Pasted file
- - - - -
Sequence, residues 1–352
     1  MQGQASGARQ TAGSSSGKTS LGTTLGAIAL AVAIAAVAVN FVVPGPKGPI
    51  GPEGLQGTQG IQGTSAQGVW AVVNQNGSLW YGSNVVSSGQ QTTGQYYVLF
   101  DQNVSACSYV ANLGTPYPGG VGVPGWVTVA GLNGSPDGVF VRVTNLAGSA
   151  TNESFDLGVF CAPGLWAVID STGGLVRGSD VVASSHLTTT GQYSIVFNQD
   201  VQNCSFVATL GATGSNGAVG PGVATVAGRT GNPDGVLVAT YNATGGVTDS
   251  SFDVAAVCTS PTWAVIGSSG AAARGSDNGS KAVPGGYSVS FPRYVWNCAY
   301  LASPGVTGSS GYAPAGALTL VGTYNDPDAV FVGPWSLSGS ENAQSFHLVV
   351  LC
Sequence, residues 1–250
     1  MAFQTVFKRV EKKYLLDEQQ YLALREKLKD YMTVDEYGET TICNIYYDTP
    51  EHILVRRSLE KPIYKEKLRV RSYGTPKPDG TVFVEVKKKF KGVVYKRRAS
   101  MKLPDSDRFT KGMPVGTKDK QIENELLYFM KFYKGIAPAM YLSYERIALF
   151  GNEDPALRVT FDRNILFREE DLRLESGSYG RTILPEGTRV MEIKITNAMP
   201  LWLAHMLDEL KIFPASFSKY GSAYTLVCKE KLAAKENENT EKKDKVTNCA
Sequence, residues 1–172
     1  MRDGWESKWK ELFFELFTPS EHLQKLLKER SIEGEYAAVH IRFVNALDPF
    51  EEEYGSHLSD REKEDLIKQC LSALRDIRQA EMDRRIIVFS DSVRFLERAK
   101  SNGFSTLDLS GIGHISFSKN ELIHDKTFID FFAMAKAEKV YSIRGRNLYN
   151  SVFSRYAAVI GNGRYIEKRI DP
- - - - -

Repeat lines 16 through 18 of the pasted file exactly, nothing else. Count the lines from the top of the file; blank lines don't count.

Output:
Sequence, residues 1–172
     1  MRDGWESKWK ELFFELFTPS EHLQKLLKER SIEGEYAAVH IRFVNALDPF
    51  EEEYGSHLSD REKEDLIKQC LSALRDIRQA EMDRRIIVFS DSVRFLERAK